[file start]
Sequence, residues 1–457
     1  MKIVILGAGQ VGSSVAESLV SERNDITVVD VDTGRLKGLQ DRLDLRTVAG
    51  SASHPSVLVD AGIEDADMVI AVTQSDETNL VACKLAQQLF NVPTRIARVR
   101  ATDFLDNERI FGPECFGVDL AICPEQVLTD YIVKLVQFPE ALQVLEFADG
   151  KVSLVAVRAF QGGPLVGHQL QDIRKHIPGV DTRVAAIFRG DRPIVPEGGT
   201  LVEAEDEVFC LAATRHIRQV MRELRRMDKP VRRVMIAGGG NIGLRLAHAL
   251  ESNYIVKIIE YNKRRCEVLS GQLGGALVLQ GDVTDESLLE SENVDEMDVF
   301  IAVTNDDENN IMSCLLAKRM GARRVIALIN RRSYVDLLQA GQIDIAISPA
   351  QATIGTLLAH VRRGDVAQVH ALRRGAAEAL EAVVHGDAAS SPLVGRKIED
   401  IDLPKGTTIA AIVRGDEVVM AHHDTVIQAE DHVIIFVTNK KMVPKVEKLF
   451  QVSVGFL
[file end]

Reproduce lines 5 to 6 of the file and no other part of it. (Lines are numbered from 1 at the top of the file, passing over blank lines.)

   151  KVSLVAVRAF QGGPLVGHQL QDIRKHIPGV DTRVAAIFRG DRPIVPEGGT
   201  LVEAEDEVFC LAATRHIRQV MRELRRMDKP VRRVMIAGGG NIGLRLAHAL